Some questions you might ask include:

  • How does racism affect your life in ways I may not realize?
  • What sort of microaggressions do you face?
  • What do you wish I understood about your experience?

While it can be difficult to fully grasp an emotional experience you haven't had yourself, listening for emotion words can help — and if your SO doesn't use any, try asking about their emotional state. "An example might be, 'That sounds like a terrifying experience,' or, 'How did you feel when they said that? How are you feeling now?'" says Francis. Be genuine in your curiosity, and try to comfort your partner in a way that is supportive and empathetic. According to Francis, unhelpful responses include forced optimism, blaming, denying, and making the situation about yourself.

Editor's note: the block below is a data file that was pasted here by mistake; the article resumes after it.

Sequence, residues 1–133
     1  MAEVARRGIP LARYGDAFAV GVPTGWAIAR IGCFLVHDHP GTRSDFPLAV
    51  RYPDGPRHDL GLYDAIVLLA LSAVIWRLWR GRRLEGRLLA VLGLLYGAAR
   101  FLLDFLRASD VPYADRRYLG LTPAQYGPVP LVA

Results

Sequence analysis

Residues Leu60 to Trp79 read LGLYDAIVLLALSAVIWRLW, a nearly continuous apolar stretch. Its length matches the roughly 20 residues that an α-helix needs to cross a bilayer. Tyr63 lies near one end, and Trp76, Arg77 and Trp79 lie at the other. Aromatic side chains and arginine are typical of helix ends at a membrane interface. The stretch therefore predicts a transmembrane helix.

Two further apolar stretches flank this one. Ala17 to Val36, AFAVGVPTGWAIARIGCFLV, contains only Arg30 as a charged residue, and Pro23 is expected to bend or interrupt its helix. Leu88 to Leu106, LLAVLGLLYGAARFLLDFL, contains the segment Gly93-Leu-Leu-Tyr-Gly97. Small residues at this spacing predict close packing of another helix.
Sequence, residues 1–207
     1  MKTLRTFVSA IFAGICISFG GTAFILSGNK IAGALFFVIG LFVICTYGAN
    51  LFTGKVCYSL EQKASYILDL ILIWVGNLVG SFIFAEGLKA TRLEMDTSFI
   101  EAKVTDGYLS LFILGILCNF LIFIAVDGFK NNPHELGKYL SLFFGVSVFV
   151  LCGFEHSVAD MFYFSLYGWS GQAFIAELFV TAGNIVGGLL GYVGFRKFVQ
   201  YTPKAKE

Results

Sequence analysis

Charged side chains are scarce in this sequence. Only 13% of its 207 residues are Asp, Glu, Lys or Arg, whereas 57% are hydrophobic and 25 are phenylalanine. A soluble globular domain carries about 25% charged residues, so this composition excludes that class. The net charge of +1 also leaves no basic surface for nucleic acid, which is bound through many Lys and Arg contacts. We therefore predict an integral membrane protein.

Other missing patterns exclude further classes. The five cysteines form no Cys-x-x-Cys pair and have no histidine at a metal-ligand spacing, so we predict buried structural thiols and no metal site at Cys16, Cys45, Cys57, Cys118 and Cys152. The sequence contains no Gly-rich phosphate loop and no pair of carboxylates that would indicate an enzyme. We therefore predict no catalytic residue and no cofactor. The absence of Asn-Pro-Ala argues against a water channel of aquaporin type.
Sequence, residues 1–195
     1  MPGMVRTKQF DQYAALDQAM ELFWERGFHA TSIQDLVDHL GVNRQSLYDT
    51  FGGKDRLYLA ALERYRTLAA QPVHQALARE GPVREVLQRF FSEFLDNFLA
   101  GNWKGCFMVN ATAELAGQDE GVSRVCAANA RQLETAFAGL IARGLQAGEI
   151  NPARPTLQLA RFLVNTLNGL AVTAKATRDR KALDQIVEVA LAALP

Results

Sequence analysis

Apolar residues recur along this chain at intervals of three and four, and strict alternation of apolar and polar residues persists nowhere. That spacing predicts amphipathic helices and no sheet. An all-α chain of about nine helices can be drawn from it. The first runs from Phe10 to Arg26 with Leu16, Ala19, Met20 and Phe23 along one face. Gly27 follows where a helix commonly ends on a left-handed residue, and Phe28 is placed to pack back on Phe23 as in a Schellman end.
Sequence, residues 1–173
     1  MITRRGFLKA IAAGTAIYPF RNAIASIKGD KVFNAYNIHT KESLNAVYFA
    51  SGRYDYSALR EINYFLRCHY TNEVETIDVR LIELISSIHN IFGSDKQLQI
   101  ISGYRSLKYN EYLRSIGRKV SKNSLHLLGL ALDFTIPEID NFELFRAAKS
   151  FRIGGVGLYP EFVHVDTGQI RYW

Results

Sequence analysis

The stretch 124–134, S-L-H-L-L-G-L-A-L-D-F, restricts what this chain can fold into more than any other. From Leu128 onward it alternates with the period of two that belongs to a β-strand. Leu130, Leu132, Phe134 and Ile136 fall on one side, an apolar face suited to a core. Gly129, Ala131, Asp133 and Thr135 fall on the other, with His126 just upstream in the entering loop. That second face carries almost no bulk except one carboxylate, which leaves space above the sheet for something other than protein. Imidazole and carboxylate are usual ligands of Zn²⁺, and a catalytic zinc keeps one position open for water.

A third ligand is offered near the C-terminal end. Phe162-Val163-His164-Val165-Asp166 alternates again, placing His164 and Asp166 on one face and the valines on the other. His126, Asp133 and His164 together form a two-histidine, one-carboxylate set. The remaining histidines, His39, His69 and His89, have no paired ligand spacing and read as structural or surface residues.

How Should A White Person Respond To Difficult Conversations?

Hearing your loved one's experiences with racism for what is possibly the first time may be painful, but it's important to prioritize your partner's feelings over your own in the moment. According to Dr. Palmer, "The conversation should not be focused on the needs of the white person's but should instead be centered on the experience of their partner. This means these conversations should not be focused on sating the white partner's curiosity, nor should it be about addressing their feelings of guilt, shame, fear, or anger."